[Samba] Samba-Guide chapter 10

Dr. Matthias Schlett (987) m.schlett at fz-rossendorf.de
Tue Mar 29 16:56:06 GMT 2005

Hi John T. et al.,
here is my comment about the Samba-Guide chapter 10.
In my opinion this chapter is a good place to explain the nature of Samba:
joining the unix and the windows world by mapping.
In most of the cases discussed on this list a unix server is used only as a container
for the windows world. The Samba team tries to smooth the differences between unix and
windows and to put windows functionality into unix. For me everything is merged into one big cloud.
As an administrator I want to look behind the scene and to understand the different cases
which Samba as an all-purpose software can serve for.
We don't use Samba as a general tool for everything. For the user and group management we have
an external Oracle database. From this database we feed a mixed mode AD for the windows world
and a LDAP for the unix world using there nss_ldap.
A windowsusername = DOMAIN\unixusername and some windowsgroupname = DOMAIN\unixgroupname,
some windowsgroupnames differ from unixgroupnames. Both group membership trees are identical
( LDAP supports nested unix groups). The password entries for unix and windows are managed by
the external database. 
On our NFS and CIFS fileserver both worlds get in touch with the help of winbind:
the idmap backend on a LDAP server is also feeded by our database, winbind has only to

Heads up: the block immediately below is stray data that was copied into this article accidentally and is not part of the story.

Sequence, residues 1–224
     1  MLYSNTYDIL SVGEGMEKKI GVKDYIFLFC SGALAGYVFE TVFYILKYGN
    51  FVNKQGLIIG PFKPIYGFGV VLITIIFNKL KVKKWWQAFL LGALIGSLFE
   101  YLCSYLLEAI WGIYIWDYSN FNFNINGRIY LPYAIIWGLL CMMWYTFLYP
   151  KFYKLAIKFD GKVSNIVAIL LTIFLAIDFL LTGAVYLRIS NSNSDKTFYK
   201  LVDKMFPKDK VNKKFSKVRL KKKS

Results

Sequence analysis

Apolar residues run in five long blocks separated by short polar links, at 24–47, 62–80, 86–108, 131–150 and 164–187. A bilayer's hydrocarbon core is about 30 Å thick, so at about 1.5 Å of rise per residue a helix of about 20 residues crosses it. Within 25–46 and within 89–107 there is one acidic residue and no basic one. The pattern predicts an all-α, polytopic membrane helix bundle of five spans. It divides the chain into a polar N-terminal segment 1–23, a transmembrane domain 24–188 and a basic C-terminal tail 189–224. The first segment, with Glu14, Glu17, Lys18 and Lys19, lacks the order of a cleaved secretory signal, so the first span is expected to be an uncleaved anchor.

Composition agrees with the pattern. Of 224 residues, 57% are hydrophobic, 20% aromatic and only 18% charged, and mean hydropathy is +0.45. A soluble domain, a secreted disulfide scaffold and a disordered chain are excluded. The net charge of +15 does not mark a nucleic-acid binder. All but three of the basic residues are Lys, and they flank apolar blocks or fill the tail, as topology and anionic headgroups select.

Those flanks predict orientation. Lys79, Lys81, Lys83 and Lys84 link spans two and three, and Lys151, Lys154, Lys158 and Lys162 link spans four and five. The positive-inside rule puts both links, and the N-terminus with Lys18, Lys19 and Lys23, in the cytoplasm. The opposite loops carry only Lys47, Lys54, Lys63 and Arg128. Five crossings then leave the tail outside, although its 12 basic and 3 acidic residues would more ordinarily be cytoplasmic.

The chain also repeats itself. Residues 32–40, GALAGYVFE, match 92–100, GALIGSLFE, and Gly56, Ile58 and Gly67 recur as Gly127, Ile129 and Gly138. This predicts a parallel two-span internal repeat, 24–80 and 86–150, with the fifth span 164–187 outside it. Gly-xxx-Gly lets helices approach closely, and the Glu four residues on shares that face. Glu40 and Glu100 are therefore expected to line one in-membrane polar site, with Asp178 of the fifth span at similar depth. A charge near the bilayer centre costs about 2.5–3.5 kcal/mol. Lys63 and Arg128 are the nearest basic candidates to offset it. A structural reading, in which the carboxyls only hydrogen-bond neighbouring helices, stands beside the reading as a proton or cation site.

read the mappings. We don't use winbind for name resolution or automatic creation of uid/gid.

In chapter 10 there are some common phrases about the winbind role, but in my opinion
we need a more detailed explanation how it manages the mapping in different cases.
More general, I would like to have a chapter from the mapping viewpoint.
For my particular case I had to read many different places in the documentation
(and I'm reading it the third month) to find a working configuration (which I'll send to the
list if you would like ), but there are still some open questions:

- Must the idmap be a one-to-one mapping or can several sid point to one uid/gid ?
  or is the username map the only tool in this case (and what about a groupname map ) ?
- Why does the user mapping mechanism differ from the group mapping mechanism ?
- How is a windows group membership mapped automatically to a unix membership 
  (We do it by the external database) ?
- How are the 14 different windows security attributes mapped into the Posix ACLs and
  how are the Posix ACLs displayed in windows ?

I hope this email is not too confusingly, but I tried be short.

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